The Marketing of Track & Field, A Response


This evening, just as I was closing my computer down, I found a well written and researched article by David Woods of the Indianapolis Star newspaper. The article suggested that our sport still does not know how to market itself. While it has made some progress, and they noted, for example, USATF's Ivan Cropper and his success with Nike, AT&T, VISA and Hershey's, it was also noted that the sport does not have the money nor attention of other sports. Then, David quoted Carl Lewis, who has very little good to say about anything in the sport but himself. Look I think Carl Lewis was an amazing athlete, and his 1996 Long Jump medal is still, in my mind one of the most underrated medals in all of track and field, but he does get a bit of the old ego in the stories. He deserves his praise, he was a trail blazer both on and off the track. But, he continues to play the same broken record.

Here is my two cents:

The sport of track & field ignores its strengths and salivates on its weaknesses. Our strengths are the ties to the Olympics, competition, and the quality of the athletes and people in the sport.

Until recently, we have spent so much time criticizing everything that is wrong with the sport, that we scare potential fans away. The three meets this spring, adidas Track Classic, Reebok GP, and Nike Prefontaine were three of the best meets in the world in the past year. Why? Focused format, great competitions, TV focusing on the competition, great meet management, interested sponsors and strong crowds in the right size facilities.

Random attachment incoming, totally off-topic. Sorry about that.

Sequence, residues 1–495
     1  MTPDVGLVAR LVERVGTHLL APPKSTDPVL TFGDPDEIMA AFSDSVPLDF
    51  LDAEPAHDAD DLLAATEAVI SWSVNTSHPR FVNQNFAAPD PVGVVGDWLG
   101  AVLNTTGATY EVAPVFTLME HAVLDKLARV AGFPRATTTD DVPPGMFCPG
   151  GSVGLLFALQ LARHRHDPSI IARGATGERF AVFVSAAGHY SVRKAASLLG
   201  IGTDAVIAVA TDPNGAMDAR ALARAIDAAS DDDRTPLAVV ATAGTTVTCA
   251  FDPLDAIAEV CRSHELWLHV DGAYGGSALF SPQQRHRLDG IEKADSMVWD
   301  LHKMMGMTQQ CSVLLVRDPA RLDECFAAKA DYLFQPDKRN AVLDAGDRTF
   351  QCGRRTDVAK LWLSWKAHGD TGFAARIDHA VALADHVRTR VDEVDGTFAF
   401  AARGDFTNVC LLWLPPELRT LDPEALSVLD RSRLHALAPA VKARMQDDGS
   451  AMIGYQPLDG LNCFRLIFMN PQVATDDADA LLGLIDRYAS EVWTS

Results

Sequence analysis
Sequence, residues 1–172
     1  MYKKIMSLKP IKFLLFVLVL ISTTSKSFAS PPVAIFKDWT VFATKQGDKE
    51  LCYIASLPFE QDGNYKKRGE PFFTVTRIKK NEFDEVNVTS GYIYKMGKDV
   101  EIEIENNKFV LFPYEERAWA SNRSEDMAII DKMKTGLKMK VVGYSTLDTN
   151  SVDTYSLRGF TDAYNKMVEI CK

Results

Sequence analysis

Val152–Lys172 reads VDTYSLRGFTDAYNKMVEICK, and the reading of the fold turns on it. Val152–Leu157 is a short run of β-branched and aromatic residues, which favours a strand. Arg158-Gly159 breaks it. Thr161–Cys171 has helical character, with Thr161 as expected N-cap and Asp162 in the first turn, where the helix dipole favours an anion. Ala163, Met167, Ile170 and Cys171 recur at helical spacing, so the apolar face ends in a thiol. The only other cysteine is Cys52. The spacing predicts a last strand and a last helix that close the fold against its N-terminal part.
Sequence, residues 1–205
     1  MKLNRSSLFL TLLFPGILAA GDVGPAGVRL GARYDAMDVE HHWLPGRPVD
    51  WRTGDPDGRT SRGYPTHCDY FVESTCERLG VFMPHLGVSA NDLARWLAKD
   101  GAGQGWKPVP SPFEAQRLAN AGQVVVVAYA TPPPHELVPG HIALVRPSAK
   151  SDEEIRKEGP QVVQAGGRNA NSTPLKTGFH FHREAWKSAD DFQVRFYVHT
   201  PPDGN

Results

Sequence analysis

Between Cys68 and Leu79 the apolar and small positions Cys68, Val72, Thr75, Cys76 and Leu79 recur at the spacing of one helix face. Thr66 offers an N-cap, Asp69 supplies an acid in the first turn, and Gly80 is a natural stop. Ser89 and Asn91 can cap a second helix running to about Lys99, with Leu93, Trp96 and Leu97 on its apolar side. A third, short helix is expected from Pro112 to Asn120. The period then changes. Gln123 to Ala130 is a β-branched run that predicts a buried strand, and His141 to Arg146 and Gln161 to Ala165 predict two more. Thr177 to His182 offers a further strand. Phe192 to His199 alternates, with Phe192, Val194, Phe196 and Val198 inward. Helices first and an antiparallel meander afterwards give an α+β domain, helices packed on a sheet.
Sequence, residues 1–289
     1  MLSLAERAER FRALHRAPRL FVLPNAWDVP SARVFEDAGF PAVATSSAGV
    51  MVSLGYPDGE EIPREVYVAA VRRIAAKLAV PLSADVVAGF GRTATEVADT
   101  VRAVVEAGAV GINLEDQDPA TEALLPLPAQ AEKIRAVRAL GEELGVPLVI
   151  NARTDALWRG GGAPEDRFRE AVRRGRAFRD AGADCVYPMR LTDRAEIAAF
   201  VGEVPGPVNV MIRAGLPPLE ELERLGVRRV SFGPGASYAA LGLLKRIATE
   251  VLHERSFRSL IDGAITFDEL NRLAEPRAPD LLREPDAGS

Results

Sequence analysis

Carl Lewis did change the sport, with the Santa Monica Track Club, and hats off to Joe Douglas for getting out the money for his athletes at that time. But the sport has changed, and athletes who are no longer on the scene criticizing the sport, it just does not make sense. Some agents have become professionals, some have not. Most of the have nots do not survive anymore. Their athletes are college educated, focused in their sports and in their goals, and they just won't have it. They, the athletes want someone who will work for that ten or twenty percent fee. And the top firms and agents do work for their money.

Sanya Richards, Jeremy Wariner, Yelena Isinbayeva are elite athletes and business people at the same time. When they go to a meet in the UK, they are there early, they do Pr events, just like they do at meets on the elite circuit this spring. They get interviewed, on TV and in print. The do the job and they do it well. If they don't do their job, they don't get invited back, it is that clear and that simple.

For sponsors to find our sport worth investing in, they need to see fans, they need to see interest from the media, and they need to see people who they want to buy products-Latinos, African Americans, teenagers, families, etc. Track & Field has all of that, we just have not figured out how to truly market our sport. Our strengths are in our diversity. Our diversity is not only color, but events, sprints, throws, middle distances, jumps, an event for most fans to check out or be curious about. That is the challenge.

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